Beauty and the beast
Meets the adult leads of Matilda: The Musical.
Jack van Beynen
Before he goes on stage in Matilda the Musical, James Millar climbs inside a padded suit that gives him a hunched back and huge, sagging breasts. Makeup artists apply a hairy mole to his upper lip. His eyebrows are brushed into a single bushy line.
Millar describes his character, villainous principal Agatha Trunchbull, as ‘‘kind of a monster’’. But that’s what makes her so much fun to play.
Miller has inhabited Trunchbull’s body on stage since the Australian production began in 2015. The first time he saw the show, though, was in London.
At the time he couldn’t see himself playing any of the production’s parts; Trunchbull is not the sort of character anyone is quick to identify with.
‘‘I don’t think she’s the kind of character that anyone looks at and goes, ‘Oh, that’s me,’’’ Millar says.
Physicality is a crucial part of the role for Millar, but he had to make sure his performance wasn’t overpowered by the formidable costume.
‘‘When the costume went on at first it felt like it was eating me up, like I felt a bit claustrophobic inside. But it’s like a second skin now, it actually makes me feel ready to go on the stage, it’s just negotiating a different body.
‘‘Every small physical gesture becomes something different when you’re shaped differently.’’
Millar’s solution to the costume problem is to make all his movements as dainty and ladylike as possible.
‘‘As an actor, if you play the costume you’re sort of landing a double-joke and overdoing it, so I think [it’s better] playing against the whole idea that she’s gargantuan and inside she’s actually a lady, at least in her mind.’’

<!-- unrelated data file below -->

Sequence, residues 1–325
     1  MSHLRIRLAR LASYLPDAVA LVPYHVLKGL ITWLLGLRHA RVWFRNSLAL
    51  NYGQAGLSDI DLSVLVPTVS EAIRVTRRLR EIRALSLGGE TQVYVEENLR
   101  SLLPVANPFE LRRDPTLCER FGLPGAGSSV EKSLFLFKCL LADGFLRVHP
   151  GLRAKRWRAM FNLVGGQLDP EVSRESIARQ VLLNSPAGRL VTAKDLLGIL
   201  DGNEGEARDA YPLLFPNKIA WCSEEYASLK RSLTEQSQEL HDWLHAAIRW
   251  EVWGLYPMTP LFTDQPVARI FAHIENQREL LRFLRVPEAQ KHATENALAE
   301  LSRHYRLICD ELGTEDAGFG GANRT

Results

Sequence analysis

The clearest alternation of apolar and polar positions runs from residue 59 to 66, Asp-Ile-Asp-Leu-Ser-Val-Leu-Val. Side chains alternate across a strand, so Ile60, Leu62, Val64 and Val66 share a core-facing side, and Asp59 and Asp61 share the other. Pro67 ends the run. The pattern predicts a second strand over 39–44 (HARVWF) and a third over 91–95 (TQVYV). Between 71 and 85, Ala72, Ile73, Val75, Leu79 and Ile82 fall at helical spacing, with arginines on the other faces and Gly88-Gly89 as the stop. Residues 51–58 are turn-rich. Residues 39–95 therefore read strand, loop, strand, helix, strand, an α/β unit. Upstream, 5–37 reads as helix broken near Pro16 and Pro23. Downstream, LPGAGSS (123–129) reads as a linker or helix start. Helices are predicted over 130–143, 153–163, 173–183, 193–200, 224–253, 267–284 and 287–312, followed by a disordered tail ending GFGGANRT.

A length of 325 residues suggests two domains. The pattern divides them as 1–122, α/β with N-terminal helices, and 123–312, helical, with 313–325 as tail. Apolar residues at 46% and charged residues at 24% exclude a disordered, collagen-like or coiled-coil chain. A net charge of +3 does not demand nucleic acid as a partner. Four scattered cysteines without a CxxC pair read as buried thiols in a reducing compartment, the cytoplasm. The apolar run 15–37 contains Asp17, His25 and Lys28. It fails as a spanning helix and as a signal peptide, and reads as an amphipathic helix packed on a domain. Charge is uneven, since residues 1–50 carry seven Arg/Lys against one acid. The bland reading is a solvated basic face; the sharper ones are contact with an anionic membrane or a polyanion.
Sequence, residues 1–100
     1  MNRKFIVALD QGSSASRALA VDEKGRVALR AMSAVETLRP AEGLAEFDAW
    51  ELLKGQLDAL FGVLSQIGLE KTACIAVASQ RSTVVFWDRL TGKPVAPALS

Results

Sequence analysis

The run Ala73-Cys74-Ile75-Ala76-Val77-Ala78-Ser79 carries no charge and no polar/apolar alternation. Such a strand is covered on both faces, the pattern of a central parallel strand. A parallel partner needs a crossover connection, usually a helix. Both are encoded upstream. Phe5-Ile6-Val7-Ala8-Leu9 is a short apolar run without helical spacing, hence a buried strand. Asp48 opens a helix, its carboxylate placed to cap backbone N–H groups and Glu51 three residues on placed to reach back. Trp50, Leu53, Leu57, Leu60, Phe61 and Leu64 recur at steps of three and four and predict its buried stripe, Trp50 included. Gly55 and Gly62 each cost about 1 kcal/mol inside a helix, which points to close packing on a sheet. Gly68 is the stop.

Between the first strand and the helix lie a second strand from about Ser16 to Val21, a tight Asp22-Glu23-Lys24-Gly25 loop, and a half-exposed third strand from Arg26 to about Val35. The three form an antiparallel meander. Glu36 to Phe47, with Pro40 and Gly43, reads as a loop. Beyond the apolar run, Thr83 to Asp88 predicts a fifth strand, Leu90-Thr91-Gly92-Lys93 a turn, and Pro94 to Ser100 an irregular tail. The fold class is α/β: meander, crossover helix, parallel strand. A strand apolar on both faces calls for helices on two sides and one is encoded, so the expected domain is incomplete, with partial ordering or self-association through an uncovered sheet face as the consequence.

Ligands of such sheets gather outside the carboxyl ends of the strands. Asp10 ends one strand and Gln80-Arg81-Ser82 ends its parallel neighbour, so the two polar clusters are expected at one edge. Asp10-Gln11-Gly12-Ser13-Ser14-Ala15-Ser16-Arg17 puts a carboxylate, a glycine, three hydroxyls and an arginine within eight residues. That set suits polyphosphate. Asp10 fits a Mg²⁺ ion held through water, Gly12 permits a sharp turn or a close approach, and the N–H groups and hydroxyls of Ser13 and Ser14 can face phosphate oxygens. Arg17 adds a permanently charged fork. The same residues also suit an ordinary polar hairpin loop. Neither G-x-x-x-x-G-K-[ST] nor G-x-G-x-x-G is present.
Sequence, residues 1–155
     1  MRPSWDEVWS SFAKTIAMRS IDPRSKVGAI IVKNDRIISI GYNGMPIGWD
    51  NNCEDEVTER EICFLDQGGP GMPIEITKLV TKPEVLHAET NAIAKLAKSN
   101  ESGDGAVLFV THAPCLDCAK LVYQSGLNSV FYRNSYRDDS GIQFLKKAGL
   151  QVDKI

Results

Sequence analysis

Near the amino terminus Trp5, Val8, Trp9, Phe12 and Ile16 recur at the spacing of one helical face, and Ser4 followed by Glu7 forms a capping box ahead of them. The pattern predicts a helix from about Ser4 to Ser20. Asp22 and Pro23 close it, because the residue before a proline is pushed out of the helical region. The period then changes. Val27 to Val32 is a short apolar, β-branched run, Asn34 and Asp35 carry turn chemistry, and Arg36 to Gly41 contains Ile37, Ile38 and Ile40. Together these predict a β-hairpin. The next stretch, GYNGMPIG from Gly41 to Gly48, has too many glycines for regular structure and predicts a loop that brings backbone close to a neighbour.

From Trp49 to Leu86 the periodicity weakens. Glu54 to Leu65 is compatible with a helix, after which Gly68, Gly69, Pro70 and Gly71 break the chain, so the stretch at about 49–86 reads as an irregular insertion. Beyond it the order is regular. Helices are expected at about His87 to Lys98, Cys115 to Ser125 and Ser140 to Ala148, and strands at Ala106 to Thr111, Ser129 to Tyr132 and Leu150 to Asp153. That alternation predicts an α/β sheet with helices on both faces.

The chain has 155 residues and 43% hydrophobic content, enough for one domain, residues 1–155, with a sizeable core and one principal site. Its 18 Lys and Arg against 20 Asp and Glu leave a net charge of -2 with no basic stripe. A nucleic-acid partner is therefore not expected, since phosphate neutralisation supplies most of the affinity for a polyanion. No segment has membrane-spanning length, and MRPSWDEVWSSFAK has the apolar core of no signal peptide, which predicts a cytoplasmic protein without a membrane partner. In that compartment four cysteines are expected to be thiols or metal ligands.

From the beginning of the show’s intensive audition process, Millar was encouraged to find the truth in Trunchbull’s character and build the rest out from that.
For Millar, that meant thinking about the circumstances that led to Trunchbull becoming a principal who is jealous of her own pupils, and who devises a range of petty and downright sadistic punishments for them.
‘‘I mean, it’s a really sad state of affairs when an adult is jealous of children. So we’re sort of mining that kind of thing and finding out the small, serious elements of her that turned her into this kind of creature. The bitterness and the rage has to come from somewhere that’s truthful.’’
With Auckland the last stop on Matilda’s two-year tour, Millar only has a few more months before he hangs up the Trunchbull suit for good. He thinks he’ll miss her.
‘‘Looking at a person who looks quite different to you, obviously, in costume, and sounds different to you and has different attitudes to you, you sort of become friends with that person, as if they’re not you.
‘‘I remember when I was away from it for like 10 days, I actually found myself missing her... I think spending that much time getting into the mind of someone else, you get used to them as a companion in a really strange way. So I’ll miss her.’’
Lucy Maunder was supposed to join the cast of Matilda the Musical in Brisbane, but she didn’t take the stage until several months later in Perth. The reason for the delay? ‘‘It wasn’t an ideal look for Miss Honey to be seven months pregnant.’’